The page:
We are surrounded by the noise from the street, approached every few minutes by someone new selling wares or asking for money. It is typical in Mexico to spend a few hours for lunch, drinking and talking. 

Balcon de Zocalo

balcon del zocalo mexico city
The kitchen at Balcon del Zocalo in Mexico City

We walk to lunch at Balcon de Zocalo in the historic city center of Mexico City, order a bottle of wine, chosen by my Grandpa, and opt for a five-course tasting menu –  a first time for all of us. Balcon de Zocalo is a modern Mexican restaurant serving seasonal contemporary cuisine using traditional Mexican ingredients from all regions of Mexico. 

Before the main course comes a chocolate butter with fresh baked bread and salt granules. We try pulque bread, slightly sweet and fermented, bolillo bread (pillowy soft in the middle with a crunchy crust) and traditional ingredients in reimagined ways like the ant larvae taco and grasshopper mayonnaise on a tuna tartar taco with a shrimp cracker. 

chocolate butter and bread mexico city
Bread with chocolate butter and salt from Balcon del Zocalo in Mexico City

The taste isn’t unpleasant – but the thought of eating ant eggs and feeling them pop in my mouth is difficult to reckon with while eating. The tuna tartar taco is easier on my stomach and more pleasing to my tongue. The shrimp cracker, made from fully reduced shrimp until it became a crispy white fluff, is potently shrimpy and the most surprising part of the taco. 

I’ve seen dishes like these served on Chef’s Table, small plates with perfectly executed ingredients, a story behind each dish, and the most modern gastronomic techniques. If you haven’t tried a tasting menu at such a restaurant, I highly recommend it! It is truly a thrill to experience the height of gastronomic culture and a particular chef’s interpretation of their cuisine. 

Pyramids of Teotihuacan Tequila, Mezcal, & Pulque Tasting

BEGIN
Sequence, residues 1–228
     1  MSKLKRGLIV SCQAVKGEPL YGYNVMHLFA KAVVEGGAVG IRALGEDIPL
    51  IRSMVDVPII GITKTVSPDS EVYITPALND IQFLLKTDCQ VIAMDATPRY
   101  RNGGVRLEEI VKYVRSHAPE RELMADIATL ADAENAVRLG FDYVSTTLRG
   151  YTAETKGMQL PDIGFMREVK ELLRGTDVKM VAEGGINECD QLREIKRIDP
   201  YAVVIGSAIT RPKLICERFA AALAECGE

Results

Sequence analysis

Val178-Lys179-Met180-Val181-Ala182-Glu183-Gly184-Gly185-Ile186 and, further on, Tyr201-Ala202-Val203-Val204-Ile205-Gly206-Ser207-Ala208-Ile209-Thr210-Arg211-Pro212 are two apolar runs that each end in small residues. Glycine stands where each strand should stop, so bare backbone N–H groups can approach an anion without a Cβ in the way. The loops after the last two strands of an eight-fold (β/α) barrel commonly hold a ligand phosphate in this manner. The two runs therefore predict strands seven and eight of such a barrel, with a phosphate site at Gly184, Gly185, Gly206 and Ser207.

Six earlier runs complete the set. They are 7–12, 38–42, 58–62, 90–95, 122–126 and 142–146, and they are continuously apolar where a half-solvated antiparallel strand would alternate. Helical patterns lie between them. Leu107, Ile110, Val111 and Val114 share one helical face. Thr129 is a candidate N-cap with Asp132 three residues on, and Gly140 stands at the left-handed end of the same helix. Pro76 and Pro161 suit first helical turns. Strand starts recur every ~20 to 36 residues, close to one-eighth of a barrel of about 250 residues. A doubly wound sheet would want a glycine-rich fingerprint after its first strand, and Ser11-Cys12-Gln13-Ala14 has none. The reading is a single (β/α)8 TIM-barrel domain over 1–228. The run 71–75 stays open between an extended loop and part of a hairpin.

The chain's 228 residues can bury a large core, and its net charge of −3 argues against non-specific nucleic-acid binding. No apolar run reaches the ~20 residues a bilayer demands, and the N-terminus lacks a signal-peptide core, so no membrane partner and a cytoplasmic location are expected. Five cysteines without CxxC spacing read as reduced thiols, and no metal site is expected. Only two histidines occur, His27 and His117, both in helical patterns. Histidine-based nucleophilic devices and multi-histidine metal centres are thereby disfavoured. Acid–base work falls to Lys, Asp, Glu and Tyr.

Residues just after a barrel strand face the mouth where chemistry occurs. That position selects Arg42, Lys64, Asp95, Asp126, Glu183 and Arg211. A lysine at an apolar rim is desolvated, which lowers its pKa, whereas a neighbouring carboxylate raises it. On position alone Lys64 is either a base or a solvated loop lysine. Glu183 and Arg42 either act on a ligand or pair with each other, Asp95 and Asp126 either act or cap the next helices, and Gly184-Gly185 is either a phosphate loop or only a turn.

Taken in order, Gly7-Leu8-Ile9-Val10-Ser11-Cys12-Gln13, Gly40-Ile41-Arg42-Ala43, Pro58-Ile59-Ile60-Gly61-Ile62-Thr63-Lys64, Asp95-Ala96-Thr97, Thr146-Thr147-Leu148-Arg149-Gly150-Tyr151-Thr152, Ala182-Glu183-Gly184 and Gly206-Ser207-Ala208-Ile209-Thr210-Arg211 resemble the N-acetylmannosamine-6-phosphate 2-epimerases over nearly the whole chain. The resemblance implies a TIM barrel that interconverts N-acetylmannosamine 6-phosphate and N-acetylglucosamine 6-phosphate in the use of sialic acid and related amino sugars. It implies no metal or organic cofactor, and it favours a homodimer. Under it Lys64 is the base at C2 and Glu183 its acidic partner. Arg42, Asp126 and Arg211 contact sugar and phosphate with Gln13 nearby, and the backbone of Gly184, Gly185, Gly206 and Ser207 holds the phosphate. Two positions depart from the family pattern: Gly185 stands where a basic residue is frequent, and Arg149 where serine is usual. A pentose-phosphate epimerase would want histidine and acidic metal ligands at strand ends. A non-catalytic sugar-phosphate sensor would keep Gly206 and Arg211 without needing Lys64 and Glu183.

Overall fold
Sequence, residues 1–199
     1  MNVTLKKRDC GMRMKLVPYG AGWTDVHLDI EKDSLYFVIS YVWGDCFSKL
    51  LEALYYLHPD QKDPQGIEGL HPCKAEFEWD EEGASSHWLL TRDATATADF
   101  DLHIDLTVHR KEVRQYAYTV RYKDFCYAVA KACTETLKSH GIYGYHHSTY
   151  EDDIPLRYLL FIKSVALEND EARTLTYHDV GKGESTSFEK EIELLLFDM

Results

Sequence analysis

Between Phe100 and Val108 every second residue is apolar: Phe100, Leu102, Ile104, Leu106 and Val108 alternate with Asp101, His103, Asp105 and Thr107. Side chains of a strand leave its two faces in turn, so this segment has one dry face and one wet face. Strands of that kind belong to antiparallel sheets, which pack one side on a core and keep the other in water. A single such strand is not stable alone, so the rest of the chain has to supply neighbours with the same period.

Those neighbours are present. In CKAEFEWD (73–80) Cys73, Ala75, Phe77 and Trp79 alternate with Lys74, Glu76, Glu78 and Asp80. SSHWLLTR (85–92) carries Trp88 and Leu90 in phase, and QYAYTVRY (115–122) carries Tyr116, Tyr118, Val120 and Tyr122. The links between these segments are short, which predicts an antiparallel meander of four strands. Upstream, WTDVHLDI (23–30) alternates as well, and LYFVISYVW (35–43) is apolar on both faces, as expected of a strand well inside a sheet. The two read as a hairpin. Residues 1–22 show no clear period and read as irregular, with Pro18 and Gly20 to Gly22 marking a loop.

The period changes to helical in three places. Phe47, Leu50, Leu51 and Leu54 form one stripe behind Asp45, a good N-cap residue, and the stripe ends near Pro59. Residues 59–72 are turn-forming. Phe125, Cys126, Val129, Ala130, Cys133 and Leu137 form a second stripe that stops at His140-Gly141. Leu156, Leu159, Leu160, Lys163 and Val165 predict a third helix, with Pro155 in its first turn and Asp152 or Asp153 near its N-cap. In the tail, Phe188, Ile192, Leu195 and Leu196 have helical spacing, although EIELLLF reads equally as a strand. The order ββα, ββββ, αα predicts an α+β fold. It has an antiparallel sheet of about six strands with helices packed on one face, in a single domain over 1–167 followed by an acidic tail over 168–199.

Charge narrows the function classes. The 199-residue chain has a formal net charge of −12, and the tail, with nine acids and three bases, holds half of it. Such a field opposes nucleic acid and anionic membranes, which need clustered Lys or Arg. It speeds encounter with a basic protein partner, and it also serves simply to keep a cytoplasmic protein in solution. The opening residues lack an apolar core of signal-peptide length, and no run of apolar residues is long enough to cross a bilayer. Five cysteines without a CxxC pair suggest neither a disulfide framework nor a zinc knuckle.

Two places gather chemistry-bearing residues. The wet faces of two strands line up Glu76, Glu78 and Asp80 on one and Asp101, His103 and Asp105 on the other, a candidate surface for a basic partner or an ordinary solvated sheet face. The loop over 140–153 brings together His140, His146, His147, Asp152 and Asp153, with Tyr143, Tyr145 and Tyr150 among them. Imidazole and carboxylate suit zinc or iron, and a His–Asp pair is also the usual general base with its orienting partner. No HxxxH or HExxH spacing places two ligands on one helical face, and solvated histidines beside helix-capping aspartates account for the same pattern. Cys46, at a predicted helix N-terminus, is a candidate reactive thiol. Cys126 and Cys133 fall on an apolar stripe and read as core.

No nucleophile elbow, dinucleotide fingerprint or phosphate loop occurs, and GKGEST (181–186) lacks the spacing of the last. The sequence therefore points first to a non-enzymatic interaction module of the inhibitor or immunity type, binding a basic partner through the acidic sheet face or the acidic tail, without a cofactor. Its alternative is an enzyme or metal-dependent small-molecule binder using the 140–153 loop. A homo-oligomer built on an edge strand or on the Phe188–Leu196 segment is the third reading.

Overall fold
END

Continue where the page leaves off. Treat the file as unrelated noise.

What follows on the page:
The major excursion during the trip was visiting the pyramids of Teotihuacan, a little over an hour’s drive outside of Mexico City. As part of our tour package, we took part in a tequila, mezcal, and pulque tasting after scaling the pyramids.  Tequila and mezcal both come from the Agave plant and are produced in the same way, both cooked then distilled but mezcal is much smokier. The agave plant, when making mezcal, is cooked in underground pits and develops a smoky flavor that stays through the distillation process.

Pulque is made from the sap of the agave plant and is fermented and slightly sweet tasting. Learning about the differences between these liquors was fascinating and so much fun! To get a feel for a new place, you must also take part in the drink culture. Mexico is a land that likes its tequila and mezcal.  

I opened my taste buds to new flavours and ingredient combinations. I opened my  mind to a different way of eating. I opened my heart to people who live a vastly different life – and yet – one that is not so different. I definitely recommend a visit to Mexico City and will hopefully be returning in the coming years. Next time, I’ll check out Lucha Libre, the famed wrestling match!

Where did you last travel to, and what was your favourite thing you ate? Tell me in the comments below or on Instagram @finnyfromscratch!